U.S. Treasury Secretary Janet Yellen said on Dec. 5 that the U.S. would be "responsible for Ukraine's defeat" if the Congress does not pass a $61.4 billion military aid package, which is scheduled for a vote in the Senate later on Dec. 6.
President Joe Biden said that Congress failing to vote on the funding package would be "just wrong," adding that "the failure to support Ukraine is just absolutely crazy” and "against U.S. interests."
The comments came as a Ukrainian delegation of top officials visited the U.S. on Dec. 5 to meet with lawmakers.
The delegation included Defense Minister Rustem Umerov, parliament speaker Ruslan Stefanchuk, Presidential Office head Andriy Yermak, Strategic Industries Minister Oleksandr Kamyshin, and Oksana Markarova, Ukraine's ambassador to the U.S.
In comments at the United States Institute for Peace, Yermak warned that, without U.S. military support, Ukraine was at "great risk of losing the war."
President Volodymyr Zelensky was scheduled to address the U.S. Senate on Dec. 5, but it was canceled shortly before the planned remarks. Senate Majority Leader Chuck Schumer, a Democrat, said that “something happened at the last minute,” without elaborating further.
In an interview with the television channel Fox News, Umerov addressed the cancelation of the speech.
"It's a war, and the situation can change, but I think President Zelensky would... do it whenever it would be possible next time," he said.
When asked about the prospect of a negotiated settlement with Russia, Umerov said that the "civilized world should be embarrassed" if that happens. He added that it would mean that authoritarian regimes can do what they want and that the "civilized world cannot defend itself."
Markarova said on Ukrainian national television that Zelensky had canceled the address because Congress was discussing a variety of issues that included domestic matters, not just Ukraine.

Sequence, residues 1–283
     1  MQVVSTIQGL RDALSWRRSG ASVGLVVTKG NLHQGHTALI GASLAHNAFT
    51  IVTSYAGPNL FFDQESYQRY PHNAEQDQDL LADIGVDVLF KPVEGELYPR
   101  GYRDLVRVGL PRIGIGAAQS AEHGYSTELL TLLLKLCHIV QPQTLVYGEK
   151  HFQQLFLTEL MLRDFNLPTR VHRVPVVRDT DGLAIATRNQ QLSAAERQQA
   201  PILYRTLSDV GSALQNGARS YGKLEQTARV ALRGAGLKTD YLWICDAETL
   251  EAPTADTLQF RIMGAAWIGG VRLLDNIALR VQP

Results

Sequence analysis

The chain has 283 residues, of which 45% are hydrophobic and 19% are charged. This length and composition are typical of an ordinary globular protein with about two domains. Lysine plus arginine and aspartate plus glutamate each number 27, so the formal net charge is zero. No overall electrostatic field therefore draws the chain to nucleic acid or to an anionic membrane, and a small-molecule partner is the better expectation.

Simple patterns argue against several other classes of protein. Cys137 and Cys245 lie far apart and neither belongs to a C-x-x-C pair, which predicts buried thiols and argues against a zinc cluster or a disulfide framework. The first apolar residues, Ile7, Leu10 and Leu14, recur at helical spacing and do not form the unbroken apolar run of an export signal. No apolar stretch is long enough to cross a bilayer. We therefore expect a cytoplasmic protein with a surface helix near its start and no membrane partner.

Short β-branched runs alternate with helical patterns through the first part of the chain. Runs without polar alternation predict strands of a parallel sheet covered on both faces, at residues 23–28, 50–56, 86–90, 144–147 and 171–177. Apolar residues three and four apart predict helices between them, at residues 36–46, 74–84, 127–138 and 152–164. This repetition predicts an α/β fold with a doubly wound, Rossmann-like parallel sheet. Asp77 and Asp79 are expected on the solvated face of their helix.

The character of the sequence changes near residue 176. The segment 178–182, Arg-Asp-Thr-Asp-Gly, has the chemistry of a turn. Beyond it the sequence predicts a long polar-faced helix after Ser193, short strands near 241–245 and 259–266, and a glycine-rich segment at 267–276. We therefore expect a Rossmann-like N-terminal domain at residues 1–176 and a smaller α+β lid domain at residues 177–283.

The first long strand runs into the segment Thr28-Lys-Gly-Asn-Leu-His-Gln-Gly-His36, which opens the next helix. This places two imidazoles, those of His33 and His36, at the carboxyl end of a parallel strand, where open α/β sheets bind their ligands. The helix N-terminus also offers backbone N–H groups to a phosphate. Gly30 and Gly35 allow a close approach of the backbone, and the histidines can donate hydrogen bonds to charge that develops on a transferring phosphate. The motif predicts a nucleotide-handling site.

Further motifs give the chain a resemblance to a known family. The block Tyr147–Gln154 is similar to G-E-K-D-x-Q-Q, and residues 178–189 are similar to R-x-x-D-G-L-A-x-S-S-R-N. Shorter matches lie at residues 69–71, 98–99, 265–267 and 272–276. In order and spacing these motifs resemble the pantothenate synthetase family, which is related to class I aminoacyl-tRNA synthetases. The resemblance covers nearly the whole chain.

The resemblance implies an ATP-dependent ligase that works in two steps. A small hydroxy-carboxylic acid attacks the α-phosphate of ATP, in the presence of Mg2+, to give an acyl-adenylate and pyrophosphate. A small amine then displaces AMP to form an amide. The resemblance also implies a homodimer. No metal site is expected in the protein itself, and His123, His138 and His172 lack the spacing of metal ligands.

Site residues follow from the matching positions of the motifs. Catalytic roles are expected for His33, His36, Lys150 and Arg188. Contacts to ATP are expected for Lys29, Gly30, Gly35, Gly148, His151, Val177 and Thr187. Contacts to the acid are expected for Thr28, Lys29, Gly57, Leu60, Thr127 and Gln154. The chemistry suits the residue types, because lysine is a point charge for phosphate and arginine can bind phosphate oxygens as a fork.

She also spoke about the planned vote on military aid, expressing confidence that it had bipartisan support in Congress but also acknowledging that American domestic political issues had become tied to the funding bill.
U.S. State Department spokesperson Matthew Miller told reporters on Dec. 5 that the Biden administration does not "think there’s any question about the legislative branch’s support for Ukraine. If you put funding for Ukraine in an up or down vote in front of both houses of Congress, it is our belief that it would pass."
On Dec. 5, Republican Senate Minority Leader Mitch McConnell, long a public supporter of military aid for Ukraine, said that he "hopes all of our members vote no" on the aid package that includes support for Ukraine and Israel unless it contains provisions for increased border security.
McConnell and Republican House Speaker Mike Johnson have said in recent days that they hope Congress will pass Ukraine aid but have also sought to tie controversial border funding into the larger spending package. Democrats have accused Republicans of unnecessarily mixing domestic politics with the funding, which threatens support for Ukraine.
“When (Russian dictator) Vladimir Putin marches into a NATO country, (Republicans) will rue the day they decided to play politics with the future of Ukraine’s security,” said Democratic Senator Chris Murphy.
Johnson has also likewise accused Democrats of political posturing because of their refusal to negotiate on introducing heavy restrictions on immigration and "transformative change" to border security.
A Senate discussion on the aid package on Dec. 5, led by the U.S. secretary of state and defense secretary, escalated into a shouting match, with some Republican lawmakers storming out.